Madison, Georgia, and the surrounding area, has been rural for generations and generations. My grandfather, who is 85 now, moved here with his father early in his life because his uncle told him that this was “God’s country” and that “the ground wasn’t as rocky as it was up in Gainesville, and things just grew better”. They dairied, farmed, raised chickens, sold bait worms, put out rabbit boxes, and lived off of the land around here for years and years. All of this was back in a time when “going to town” (Madison) was a big deal, and didn’t happen all too often. He has told me stories of a rolling store that would come around to different farms to trade and sell goods.
Anyone who has lived here, or even visited for any extended period of time knows that there is something different about this part of the state. Very little has changed about the town square, many of the antebellum homes are still in tact, and several families continue to work the land and farm, just like generations before them have done for years. Growing up a native “Madisonian”, the typical teenage argument is one of complaint that we’d have to drive so far to get to anywhere that had something to do (like a mall, movie theatre, or skating rink).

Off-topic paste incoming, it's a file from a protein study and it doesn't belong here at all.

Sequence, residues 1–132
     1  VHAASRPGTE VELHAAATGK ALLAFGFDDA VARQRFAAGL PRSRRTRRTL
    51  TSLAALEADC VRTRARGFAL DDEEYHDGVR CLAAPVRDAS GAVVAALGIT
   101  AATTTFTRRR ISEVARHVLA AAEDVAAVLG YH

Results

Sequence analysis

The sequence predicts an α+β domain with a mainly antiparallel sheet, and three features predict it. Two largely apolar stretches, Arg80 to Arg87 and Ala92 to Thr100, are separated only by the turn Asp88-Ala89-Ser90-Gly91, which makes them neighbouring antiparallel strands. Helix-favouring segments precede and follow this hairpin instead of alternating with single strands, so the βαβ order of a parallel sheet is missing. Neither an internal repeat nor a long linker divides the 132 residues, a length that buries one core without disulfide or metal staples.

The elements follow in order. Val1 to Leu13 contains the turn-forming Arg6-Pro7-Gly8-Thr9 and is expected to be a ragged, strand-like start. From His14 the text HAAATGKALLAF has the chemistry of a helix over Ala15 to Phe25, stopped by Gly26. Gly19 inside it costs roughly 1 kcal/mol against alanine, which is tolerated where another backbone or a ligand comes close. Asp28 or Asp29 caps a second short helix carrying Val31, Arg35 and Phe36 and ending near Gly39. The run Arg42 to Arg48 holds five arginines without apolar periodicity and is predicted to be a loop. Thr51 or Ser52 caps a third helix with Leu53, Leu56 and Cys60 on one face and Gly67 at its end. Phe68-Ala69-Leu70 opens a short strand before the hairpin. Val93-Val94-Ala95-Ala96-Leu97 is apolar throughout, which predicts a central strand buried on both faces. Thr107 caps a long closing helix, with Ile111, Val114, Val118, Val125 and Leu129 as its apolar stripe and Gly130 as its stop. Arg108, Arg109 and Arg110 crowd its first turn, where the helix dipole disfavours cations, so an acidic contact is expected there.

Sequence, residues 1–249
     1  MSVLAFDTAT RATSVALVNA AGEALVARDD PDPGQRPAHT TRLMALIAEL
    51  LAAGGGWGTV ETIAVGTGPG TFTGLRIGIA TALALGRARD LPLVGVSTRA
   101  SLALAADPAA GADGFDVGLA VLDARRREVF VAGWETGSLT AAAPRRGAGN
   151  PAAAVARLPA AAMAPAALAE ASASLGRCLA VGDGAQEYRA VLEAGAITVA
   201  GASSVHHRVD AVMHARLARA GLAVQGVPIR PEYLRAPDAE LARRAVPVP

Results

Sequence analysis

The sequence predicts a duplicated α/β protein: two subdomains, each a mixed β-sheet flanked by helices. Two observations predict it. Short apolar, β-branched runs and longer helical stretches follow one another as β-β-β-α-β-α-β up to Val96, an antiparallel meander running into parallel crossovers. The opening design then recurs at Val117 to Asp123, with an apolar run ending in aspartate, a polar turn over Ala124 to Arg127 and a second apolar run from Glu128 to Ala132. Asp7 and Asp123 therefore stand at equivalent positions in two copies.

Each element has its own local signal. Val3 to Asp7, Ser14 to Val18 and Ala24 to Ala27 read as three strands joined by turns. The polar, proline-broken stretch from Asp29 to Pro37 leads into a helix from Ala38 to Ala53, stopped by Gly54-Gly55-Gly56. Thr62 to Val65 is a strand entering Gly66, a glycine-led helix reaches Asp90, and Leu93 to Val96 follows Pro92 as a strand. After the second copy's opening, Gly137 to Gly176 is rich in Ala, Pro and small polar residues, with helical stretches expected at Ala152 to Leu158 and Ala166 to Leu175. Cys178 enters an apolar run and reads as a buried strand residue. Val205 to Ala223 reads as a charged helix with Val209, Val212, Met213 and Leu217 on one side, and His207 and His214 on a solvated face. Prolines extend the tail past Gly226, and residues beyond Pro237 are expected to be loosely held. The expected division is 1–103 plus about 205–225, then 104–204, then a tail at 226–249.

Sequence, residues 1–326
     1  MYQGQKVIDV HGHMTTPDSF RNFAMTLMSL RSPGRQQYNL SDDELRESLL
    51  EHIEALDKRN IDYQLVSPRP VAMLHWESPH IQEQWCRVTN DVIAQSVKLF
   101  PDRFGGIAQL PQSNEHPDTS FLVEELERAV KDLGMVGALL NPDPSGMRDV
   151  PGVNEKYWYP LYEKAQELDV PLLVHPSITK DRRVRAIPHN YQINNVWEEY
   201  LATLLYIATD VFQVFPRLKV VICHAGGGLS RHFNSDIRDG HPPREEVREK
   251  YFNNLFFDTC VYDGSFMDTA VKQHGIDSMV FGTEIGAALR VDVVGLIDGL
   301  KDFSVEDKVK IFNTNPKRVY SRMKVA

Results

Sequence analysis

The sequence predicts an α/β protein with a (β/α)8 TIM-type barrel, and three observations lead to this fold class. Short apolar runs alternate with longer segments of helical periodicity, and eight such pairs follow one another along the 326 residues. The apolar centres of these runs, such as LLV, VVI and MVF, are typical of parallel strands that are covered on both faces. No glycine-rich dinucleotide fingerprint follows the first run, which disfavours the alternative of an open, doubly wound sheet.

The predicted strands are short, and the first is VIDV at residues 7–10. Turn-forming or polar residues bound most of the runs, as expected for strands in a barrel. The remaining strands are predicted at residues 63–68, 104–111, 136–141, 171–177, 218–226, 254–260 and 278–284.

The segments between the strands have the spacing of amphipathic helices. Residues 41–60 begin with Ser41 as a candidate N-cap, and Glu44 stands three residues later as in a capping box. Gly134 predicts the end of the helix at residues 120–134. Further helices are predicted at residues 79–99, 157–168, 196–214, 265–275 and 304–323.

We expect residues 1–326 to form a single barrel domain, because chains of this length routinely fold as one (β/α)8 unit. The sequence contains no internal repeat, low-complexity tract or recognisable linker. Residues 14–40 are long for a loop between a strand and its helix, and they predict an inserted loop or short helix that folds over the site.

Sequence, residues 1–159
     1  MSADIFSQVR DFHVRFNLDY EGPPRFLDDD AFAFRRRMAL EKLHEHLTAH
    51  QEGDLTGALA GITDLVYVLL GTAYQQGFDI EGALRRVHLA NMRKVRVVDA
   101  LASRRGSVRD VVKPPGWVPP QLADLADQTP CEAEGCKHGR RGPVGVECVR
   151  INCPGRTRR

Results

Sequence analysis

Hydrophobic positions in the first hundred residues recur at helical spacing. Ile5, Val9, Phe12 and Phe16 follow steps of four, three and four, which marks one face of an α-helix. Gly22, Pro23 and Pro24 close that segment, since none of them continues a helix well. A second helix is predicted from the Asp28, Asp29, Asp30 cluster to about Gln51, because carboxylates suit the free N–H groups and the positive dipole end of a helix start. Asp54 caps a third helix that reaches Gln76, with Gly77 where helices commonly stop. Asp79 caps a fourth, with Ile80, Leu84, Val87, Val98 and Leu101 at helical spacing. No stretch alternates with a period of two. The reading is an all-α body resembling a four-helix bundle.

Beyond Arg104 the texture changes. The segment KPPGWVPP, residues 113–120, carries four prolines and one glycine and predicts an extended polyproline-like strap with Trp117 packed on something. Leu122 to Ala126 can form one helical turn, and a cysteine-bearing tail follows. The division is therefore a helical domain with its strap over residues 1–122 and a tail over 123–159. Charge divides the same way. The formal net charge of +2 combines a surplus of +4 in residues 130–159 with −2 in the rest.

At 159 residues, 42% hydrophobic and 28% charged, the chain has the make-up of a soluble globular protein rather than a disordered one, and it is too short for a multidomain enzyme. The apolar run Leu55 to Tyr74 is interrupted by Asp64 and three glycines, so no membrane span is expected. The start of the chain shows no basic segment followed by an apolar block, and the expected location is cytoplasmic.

There has been a lot of development and progress in the past few years in this area, but it all seems to be at a much slower pace than that of other cities and towns. There is just something about the quaint rurality of Madison that has seemed to defy development and “progress”; our very own “Mayberry” here in Georgia.
Alas, the time, thy are a changing… There are glimpses all over the area of growth, development, and renewal. This painting shows a glimpse of this phenomenon. The barn is on a pice of land, not too far from Madison. The land was rented by a company that wanted to put a cell phone tower up. Chris’ thinking was “they’ve found a new way to ‘live off of the land’ & are using it in a different way to make money”. Things are different, but still the same in many ways. Things are done in the name of progress and development, but bits and pieces of the past continue to hold true. This artistic juxtaposition in many ways, represents life in a rural town like Madison, GA. Holding on to the past, giving it the respect that it has earned, while dropping in bits of the future, never fully letting go of what once was.
Chris does a great job of capturing the transitional time that this area of the country is in.
Chris Cook is a premier southern artist and owner of Madison Studios, a web design, maintenance, and e-commerce and marketing company. For his artist biography, contact information, or to view more of his work, click HERE.